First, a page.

journal, non-profits, photos, rikuzentaka, temporary housing, volunteer

day 1, rikuzentakata photo rescue

today was my 1st day to volunteer doing photo rescue, which is a long running all hands project, currently located in rikuzentakata city, but outside the city center, on a peninsula, either hirota cho or otomo cho, i’m not completely sure. (the land form is a peninsula, but maybe the locals refer to it as 2 chos (towns).
anyway, the photo rescue site is in the middle of a temporary housing area that was built on a rv park ground, which are pretty suitable to single family detached temporary housing.
some of it was wooden like sumida cho, and some of it was single family detached housing of the same size, but pre-an construction.
the photo work itself involves sorting trough photos that have been found in the disaster area, usually by volunteers cleaning up debris. the building is full (although less so that before) of these photos and other things that were found.
the photos get cleaned, put into albums, and then taken to nearby areas where people are living in temporary housing, in the hopes that someone will be able to identify the owner and reunite them.
since the water carried everything in many directions, it’s a bit of a shot in the dark, although apparently many photos have been reunited with their owners, which is encouraging.
the actual cleaning involves gently bathing each photo in cold water, and wiping off the dirt/bacteria that will destroy the print.
it’s pretty emotional, as you are looking at the faces in the photos, one after another. there were some lovely ones today, mothers holding children, friends taking trips, families growing up, school kids having a field trip.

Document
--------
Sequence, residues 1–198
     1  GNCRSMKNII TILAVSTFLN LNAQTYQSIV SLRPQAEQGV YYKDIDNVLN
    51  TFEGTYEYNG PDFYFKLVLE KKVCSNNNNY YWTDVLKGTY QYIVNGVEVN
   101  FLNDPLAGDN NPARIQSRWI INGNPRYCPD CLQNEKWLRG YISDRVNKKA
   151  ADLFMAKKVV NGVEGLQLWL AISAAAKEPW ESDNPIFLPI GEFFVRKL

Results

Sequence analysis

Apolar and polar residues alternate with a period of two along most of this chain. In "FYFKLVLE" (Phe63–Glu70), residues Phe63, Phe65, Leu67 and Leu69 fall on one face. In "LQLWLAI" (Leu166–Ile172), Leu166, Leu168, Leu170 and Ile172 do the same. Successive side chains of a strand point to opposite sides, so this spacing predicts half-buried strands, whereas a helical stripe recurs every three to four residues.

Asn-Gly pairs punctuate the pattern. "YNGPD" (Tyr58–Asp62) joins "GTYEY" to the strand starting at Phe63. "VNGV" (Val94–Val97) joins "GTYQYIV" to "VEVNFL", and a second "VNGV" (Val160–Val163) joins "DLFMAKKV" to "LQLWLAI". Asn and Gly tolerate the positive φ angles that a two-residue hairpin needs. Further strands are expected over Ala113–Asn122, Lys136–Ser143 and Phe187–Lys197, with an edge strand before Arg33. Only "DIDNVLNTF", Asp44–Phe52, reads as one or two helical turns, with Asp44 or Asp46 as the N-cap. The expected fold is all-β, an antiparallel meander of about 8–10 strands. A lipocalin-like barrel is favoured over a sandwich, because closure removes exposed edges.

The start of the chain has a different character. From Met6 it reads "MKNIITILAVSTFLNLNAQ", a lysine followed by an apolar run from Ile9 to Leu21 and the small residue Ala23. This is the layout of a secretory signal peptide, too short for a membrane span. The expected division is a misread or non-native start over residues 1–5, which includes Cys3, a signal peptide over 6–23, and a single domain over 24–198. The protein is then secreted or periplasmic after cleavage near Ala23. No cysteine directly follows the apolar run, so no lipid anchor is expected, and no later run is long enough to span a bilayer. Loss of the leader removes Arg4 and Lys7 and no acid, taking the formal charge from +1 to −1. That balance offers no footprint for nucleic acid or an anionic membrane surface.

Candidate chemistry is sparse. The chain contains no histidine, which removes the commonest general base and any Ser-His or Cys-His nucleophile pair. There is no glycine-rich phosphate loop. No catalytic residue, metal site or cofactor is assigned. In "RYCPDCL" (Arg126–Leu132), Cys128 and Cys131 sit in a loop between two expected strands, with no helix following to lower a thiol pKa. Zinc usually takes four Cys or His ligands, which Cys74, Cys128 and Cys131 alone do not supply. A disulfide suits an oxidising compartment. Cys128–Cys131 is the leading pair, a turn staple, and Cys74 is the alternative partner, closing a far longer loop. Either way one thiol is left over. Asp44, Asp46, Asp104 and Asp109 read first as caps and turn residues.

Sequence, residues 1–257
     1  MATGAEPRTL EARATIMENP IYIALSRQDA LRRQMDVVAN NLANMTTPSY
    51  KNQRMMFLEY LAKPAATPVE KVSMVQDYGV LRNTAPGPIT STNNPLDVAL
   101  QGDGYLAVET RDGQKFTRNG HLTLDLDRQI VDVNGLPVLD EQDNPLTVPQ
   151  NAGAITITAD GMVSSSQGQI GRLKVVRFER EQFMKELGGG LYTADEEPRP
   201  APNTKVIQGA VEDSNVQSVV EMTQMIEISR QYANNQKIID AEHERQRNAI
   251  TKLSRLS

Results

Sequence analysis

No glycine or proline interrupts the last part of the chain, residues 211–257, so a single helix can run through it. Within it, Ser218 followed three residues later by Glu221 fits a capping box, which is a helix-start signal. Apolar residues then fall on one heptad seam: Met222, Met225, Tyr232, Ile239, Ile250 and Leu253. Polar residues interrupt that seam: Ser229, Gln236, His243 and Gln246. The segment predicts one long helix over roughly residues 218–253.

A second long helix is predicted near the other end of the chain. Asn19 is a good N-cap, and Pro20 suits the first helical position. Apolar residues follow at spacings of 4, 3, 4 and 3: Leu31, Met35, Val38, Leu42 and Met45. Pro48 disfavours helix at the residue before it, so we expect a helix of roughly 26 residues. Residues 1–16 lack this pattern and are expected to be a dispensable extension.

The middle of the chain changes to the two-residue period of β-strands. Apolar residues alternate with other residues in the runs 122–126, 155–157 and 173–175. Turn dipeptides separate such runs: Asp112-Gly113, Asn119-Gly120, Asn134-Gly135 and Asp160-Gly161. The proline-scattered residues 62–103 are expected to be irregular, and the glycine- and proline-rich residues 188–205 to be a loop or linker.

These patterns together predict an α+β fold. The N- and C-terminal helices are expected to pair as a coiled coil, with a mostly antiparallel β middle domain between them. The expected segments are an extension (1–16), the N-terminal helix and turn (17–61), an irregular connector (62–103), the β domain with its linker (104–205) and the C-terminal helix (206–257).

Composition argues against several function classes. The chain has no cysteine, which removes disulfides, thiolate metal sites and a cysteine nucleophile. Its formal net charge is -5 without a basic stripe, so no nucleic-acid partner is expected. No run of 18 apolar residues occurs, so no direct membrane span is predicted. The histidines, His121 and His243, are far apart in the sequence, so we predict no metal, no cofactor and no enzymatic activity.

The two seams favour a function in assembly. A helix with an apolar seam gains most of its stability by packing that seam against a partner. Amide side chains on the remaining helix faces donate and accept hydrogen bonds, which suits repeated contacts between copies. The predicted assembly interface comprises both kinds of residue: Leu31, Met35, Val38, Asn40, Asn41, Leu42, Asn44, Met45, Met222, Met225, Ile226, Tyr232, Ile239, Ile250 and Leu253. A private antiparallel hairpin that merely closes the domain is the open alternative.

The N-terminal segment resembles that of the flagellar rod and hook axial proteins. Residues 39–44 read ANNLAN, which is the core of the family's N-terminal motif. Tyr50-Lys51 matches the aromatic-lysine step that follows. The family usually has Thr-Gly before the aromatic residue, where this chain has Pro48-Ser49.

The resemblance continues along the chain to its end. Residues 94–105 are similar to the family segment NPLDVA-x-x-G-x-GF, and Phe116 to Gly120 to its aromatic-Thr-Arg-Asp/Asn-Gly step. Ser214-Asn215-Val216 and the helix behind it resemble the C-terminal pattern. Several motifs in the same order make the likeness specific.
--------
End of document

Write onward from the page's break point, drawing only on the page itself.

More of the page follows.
you can actually see the love that people feel for their child, for example, even if I don’t know who they are. one album had photos of the same little boy since he was a baby, and toddler, and entered school, and had a baby sister. many of the his photos were with his mother, near the harbor or a boat, or rope, or the sea. the same sea that was a part of their life and is the reason the album is here, not on the shelf.
because it’s impossible not to think about the fact that these people may be dead. the cute babies, and the cute babies in the older photos from decades ago, and their parents.
these photos could be the last possessions of a family who lost everything. they could even be the last photographs for someone to remember a loved one who was lost in the tsunami. it’s a hard thought, but it creeps back into you mind, intact you can’t escape it. so we wash each photo, one at a time, hoping for the best.


About liz

from the u.s., recently moved from kobe to sendai, japan, researching community-based housing recovery after disaster.


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